Now that the case is over, Benjamin Crump, a lawyer for the Martin family, compares Martin’s case to that of Medgar Evers, a civil rights activist deliberately shot in the back outside his home by a member of a White Citizen’s Council. While no one expects the Martin family to accept George Zimmerman’s acquittal, it is up to observers like the New York Times editorial board to attend to the cases that the defense and prosecution put on, to take account of how little we know about what happened between George Zimmerman and Trayvon Martin, and to resist the urge to turn the living or the dead into cartoon heroes and villains in a story about civil rights.


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  1. The real serious problem that is occurring is the lack of respect for the processes of law, here in the USA.

    No one knows what happened, and there is not nearly enough evidence to convict anyone.

    Along with the lack of respect for laws and their being carried out in the judicial system is the violence which is being carried out, preached and encouraged by low life “leaders” and even very high ranking members of the government itself.

    I can’t put this very well, but these are extremely serious problems that have surfaced again now. The lack of respect for creating just laws and abiding by the results continues. So does the feeling that violence can be used, including homicide, if blacks are victims. The same is not true, generally, of whites. Blacks feel that they deserve special rights, and often the opposite may apply. Racial profiling is unfortunately appropriate at times. But even if not, they cannot expect to be treated with kid gloves at all times. Even to the point of letting one of them attempt to murder a non-black.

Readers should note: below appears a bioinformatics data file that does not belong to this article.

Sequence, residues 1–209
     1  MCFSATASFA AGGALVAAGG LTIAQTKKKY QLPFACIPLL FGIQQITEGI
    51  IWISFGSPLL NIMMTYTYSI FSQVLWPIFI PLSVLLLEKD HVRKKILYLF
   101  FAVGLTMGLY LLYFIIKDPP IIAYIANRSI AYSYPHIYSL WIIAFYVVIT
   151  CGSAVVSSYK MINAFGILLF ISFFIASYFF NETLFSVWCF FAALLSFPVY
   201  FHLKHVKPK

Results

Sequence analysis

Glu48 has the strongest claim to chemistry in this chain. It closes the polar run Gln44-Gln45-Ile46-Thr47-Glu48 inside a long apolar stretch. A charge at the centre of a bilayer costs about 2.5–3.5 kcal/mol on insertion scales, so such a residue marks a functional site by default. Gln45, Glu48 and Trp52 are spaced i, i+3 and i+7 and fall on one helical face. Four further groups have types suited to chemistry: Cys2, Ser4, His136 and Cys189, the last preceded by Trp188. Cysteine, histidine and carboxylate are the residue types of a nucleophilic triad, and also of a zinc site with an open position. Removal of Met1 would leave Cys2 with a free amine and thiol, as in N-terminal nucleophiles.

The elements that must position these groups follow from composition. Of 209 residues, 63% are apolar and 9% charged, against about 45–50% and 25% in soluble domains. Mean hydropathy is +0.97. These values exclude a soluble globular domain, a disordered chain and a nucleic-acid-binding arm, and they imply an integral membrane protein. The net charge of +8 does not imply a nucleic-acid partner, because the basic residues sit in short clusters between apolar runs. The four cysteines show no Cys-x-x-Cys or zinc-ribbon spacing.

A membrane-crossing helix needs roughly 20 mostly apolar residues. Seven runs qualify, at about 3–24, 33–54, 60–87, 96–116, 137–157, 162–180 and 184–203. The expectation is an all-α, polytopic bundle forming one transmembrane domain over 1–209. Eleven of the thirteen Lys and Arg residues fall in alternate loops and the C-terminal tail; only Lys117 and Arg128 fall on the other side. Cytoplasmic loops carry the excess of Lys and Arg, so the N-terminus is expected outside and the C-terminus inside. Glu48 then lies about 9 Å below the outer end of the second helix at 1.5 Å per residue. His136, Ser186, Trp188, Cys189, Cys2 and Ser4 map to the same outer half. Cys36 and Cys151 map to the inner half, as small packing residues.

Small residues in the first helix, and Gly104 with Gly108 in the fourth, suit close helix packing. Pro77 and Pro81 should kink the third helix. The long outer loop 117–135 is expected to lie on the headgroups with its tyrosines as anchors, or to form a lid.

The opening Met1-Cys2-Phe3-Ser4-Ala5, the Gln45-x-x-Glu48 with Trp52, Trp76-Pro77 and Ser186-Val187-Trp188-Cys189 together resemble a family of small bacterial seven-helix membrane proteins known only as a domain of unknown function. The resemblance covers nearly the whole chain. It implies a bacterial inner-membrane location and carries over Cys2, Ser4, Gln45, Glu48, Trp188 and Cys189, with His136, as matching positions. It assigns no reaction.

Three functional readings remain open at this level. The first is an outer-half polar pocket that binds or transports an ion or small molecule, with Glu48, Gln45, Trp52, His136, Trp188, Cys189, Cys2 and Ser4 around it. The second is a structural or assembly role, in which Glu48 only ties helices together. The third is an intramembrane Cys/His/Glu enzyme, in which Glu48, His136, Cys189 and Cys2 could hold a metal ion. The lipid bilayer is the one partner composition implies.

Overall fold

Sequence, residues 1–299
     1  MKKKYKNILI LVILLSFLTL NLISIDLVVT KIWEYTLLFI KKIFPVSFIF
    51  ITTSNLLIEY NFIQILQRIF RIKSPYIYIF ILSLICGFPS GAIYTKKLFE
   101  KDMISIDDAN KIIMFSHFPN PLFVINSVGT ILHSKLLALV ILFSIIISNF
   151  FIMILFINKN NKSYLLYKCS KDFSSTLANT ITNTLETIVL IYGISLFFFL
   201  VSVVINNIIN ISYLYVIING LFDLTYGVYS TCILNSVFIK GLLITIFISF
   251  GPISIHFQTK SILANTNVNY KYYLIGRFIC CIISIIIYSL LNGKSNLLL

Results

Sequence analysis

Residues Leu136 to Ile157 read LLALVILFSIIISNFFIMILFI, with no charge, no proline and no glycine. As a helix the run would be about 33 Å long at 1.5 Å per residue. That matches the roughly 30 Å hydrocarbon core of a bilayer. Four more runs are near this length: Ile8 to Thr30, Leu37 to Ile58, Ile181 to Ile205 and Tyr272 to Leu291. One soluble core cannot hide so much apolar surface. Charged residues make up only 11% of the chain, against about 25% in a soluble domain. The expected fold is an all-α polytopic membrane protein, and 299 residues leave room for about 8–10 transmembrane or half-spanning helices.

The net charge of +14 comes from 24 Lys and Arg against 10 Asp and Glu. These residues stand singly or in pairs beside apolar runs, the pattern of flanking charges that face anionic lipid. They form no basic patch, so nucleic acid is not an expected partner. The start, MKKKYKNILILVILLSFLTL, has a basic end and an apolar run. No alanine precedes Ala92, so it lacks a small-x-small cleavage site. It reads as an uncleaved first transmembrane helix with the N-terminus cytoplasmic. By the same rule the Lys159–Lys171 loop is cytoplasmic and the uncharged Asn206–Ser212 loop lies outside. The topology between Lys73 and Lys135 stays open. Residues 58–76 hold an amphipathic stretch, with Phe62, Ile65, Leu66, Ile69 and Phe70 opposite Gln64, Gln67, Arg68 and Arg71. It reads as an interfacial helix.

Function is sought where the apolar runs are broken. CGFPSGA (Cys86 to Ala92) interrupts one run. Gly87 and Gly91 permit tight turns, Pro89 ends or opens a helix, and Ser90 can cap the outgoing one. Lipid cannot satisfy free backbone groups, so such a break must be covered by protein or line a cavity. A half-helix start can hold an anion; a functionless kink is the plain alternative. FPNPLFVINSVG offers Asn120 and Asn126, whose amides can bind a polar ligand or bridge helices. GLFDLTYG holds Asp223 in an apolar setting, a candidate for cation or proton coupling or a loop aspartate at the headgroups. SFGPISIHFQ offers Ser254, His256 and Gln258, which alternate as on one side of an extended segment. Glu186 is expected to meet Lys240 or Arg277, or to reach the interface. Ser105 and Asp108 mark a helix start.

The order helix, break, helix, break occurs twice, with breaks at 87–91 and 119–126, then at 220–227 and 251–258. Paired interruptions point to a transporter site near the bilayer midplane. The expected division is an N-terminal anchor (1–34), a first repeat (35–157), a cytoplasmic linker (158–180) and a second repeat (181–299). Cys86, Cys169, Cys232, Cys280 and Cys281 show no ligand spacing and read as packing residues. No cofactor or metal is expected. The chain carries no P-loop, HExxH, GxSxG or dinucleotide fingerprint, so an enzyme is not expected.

2. I forgot to mention that of course, yes, the media seems to have almost created, but certainly to greatly fan the lawlessness and violence.

  3. People communicating through all media need to react calmly and responsibly and without name-calling when something big or small doesn’t go their way.

  4. The jury has spoken! That is our legal system! To double guess now is akin to a child being a sore loser in a game! This is much ado about nothing more than igniting and fanning racial tensions! It was done in the rodney King story too! Nobody questioned the jury when O.J. walked after killing his wife!
    Also this story is not like the Yankel Rosenbaum HY”D lopsided jury who went out and partied with Lemrick Nelson Y”S after they acquitted him. They were all black and had such Sinaas Yisroel and were so eager to acquit the confessed killer whose knife had the blood of his victim on it and who paraded in the street “let’s kill a Jew!” just before doing it! He was even identified in the Kings County hospital where poor Yankel Z”L wasn’t given medical treatment and left to bleed to death! HY”D.

  5. What is not being discussed is that the reason this case even came to trial is that the accused’s name was Zimmerman. I think if his name would have been Martinez, Gonzales, or some other Hispanic name, the press would never have been all over him, nor pressed the Prosecutors to chase him. He has been the victim of having a white-jewish name, Zimmerman.